with the poor men drawn and stressed against their choices.
Even after falling down the herd’s still willing to take back their voices,
to fill up the void caused by the reign’s vices,
as they believe it’ll only bring hope to the birds with broken wings.
these words by Stephan Enasni Sunz were inspired by the work of Nicolas V. Sanchez
At the open house held the day after the wedding
you did not recognize the bride until you asked
and your mother pointed her out to you.
Surrounded by wrapped gifts and ribbons,
she was wearing an elegant pant suit appropriate
for a garden party, but you were unimpressed:
you remembered the white gown of the day before,
the tiny pearlescent beads sewn all over its bodice
and the flowing skirts, the way the music swelled
around the fabric as she danced with her groom
and it made you understand something big
and important was happening to the bride
and you thought it must have something to do with
the fact she was beautiful. If I had a dress that pretty,
you said with all the wisdom of your five years,
I would wear it every day. Your mother laughed
and the anecdote became famous in the family
as you grew up. Truth is, you still feel this way,
sometimes. Your own white dress is sheathed
in plastic at the back of your closet and you worry
you will never again be as beautiful as you were that one day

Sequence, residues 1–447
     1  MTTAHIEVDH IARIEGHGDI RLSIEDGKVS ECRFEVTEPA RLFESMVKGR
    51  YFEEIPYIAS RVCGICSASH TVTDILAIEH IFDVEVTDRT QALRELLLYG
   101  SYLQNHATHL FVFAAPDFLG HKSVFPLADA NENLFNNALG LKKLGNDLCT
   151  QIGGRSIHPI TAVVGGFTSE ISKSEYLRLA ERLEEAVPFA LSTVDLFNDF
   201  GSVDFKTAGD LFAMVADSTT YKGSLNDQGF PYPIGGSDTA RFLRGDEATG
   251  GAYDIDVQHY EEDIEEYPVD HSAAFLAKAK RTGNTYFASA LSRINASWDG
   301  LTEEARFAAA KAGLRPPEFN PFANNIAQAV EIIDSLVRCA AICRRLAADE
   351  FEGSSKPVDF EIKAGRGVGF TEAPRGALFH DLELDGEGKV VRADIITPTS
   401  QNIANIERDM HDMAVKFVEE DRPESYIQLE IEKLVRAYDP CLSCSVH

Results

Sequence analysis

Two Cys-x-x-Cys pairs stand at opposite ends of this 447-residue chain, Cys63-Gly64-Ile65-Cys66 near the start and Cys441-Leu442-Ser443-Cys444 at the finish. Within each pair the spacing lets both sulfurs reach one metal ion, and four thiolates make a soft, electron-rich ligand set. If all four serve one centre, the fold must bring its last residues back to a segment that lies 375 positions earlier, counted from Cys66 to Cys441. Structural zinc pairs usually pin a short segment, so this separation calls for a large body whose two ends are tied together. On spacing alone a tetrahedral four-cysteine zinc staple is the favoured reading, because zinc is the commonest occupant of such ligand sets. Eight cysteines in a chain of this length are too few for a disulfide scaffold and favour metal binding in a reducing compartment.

you wore it. You worry it is important to be beautiful,
that there are so few ways for you to be seen in this world
because you were a girl and now you are a woman.
these words by Ruth Daniell were inspired by the work of Nicolas V. Sanchez
i could not see it
before needing a mother,
someone to reframe
no one else
will remember —
there will be days where
you fear your reflection
in that aisle
where they keep frozen food
all have his face
you will learn how to fold
your body in half
like a woman
roll down the strands
of your hair
your legs will not hold you
but you will
them by then
these words by jesslyn delia smith were inspired by the work of Nicolas V. Sanchez
The windshield wipers,
unable to keep up
with the onslaught of rain,
conduct the evening’s nocturne,
making the street
seem so soft.
they bleed, dissolve,
delicately struggle to keep the night alive
through the threat of approaching dreams.
But they persist,
twinkling like slight touches
on piano keys.
Each flat note an
intentional drip of the rain.
Filmy logos flash like traffic lights,
except they all feel like
Go, quickly now.
And yet I don’t.
I step out of my car,
leave the door wide open.
The streetlights cheer and brighten
as I walk into
a watercolour dream.
these words by Ivana Velickovic were inspired by the work of Lin Bao Ling
I am searching for Home.
I straddle between east and west and belonging has always been evasive.
I am an outsider here but I do not feel so, until they tell me.
It is the same sun that sets in Islamabad and rises in Toronto, isn’t it?
The same sun that kisses my skin but scorches the earth.
So I continue searching.
I have only found comfort in anonymity—
in the sense of security when no one knows my name.
It seems displacement has become a familiar feeling
an existential anxiety that only recognizes a feeling of Calm amongst utter chaos.
I have been searching for Home
and am beginning to realizing
I will only find it within me.
these words by Fiona Williams were inspired by the work of Lin Bao Ling
these words by Michelle Kelm were inspired by the work of Selina Vesely
I lay myself down in between you
You do not smell like home
Like they said you would.
You smell like old pine trees and the mud they root themselves in,
And I inhale again.
I begin to weep and you ask me why;
“You smell like land unconquered,” I say.
“You smell like a dream.”
these words by Nahomi Amberber were inspired by the work of Selina Vesely